All this goes to show that in enacting the said section 14 and the entire law of which it is a part (Acts Nos. 666 and 2460), the Philippine Legislature could not have intended to give to section 4 thereof, as amended by Act No. 3332, the strict interpretation that, unless a trade-mark or trade-name allegedly violated has been duly registered in the Bureau of Commerce and Industry, no action to cut short or prevent the violation can be taken against the infringer even in case of a trade-mark or trade-name registered in the Patent Office of the United States. The entire text of section 14 of the aforesaid Act No. 666, as it stood on December 27, 1932, when trade-name certificate No. 11237 was issued by the Bureau of Commerce and Industry to Co Lu So from whom the cross-defendant obtained its right to use the trade-name "Lusolin", reads:jgc:chanrobles.com.ph

"SEC. 14. No article of imported merchandise which shall copy or simulate the name of any domestic manufacture, or manufacturer or trader, or shall copy or simulate a trade-mark or trade-name registered in accordance with the provisions of this Act, or shall bear a name or mark calculated to induce the public to believe that the article is manufactured in the Philippine Islands, shall be admitted to entry at any customhouse of the Philippine Islands; and in order to aid the officers of the customs in enforcing this prohibition, any domestic manufacturer or trader may require his name and residence, and the name of the locality in which his goods are manufactured, and a copy of the certificate of registration of his trade-mark or tradename issued in accordance with the provisions of this Act, to be recorded in books which shall be kept for this purpose in the office of the Insular Collector of Customs, under such regulations as the Insular Collector of Customs, with the approval of the Secretary of Finance and Justice, shall prescribe, and may furnish to the office of the Insular Collector of Customs a facsimile of his name, the name of the locality in which his goods are manufactured, and of his registered trade-mark or trade-name; and thereupon the Insular Collector of Customs shall cause one or more copies of the same to be transmitted to each collector or other proper officer of customs: Provided, however, That this section shall not be construed to affect rights that and person may have acquired by virtue of having registered a trade-mark under the laws of the United States.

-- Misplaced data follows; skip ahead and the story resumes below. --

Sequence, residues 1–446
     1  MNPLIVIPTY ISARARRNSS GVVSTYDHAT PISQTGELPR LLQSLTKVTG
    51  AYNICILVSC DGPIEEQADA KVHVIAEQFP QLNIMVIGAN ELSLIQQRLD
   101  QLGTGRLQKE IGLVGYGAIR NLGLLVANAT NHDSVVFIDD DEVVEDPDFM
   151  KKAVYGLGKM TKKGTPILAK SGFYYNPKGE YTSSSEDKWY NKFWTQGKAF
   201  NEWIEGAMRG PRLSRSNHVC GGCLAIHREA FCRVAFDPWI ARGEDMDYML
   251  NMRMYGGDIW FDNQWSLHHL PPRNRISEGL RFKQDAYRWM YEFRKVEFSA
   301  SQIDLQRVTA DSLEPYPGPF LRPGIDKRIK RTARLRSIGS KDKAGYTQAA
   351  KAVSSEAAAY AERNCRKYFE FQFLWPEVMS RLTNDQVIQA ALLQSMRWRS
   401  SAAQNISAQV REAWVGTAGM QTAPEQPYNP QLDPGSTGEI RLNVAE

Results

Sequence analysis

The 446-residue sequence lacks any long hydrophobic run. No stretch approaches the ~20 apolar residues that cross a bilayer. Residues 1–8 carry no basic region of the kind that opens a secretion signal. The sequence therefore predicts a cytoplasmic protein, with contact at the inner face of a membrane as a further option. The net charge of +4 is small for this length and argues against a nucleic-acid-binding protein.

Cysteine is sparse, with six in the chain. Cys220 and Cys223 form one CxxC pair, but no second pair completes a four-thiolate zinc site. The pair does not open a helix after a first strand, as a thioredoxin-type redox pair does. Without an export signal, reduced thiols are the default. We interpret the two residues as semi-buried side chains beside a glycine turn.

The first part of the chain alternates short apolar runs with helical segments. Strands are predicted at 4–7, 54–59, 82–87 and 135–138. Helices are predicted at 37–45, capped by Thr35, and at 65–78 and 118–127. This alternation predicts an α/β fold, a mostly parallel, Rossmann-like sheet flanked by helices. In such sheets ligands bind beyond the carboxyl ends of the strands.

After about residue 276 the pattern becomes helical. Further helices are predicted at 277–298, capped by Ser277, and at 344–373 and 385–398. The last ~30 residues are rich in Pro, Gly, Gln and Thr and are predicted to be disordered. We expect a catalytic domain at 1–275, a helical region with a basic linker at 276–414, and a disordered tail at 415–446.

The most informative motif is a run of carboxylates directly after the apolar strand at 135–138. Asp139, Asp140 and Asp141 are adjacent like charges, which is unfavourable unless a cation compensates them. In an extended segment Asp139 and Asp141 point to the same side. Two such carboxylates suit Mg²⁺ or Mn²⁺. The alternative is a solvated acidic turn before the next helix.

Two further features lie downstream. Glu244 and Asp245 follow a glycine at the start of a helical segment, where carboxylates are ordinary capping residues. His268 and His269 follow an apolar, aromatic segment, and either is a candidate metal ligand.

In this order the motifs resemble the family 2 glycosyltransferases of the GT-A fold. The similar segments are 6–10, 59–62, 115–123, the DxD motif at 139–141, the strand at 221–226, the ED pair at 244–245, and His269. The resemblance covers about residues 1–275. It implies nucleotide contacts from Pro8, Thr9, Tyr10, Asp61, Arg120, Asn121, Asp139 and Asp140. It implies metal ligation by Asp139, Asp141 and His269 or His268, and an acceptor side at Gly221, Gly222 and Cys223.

"In matters arising under this section original jurisdiction is hereby conferred upon the Court of First Instance, and appellate jurisdiction upon the Supreme Court, identical with the jurisdiction conferred upon such courts by section twenty-six of the Act of Congress approved August fifth, nineteen hundred and nine, entitled ’An Act to raise revenue for the Philippine Islands, and for other purposes.’"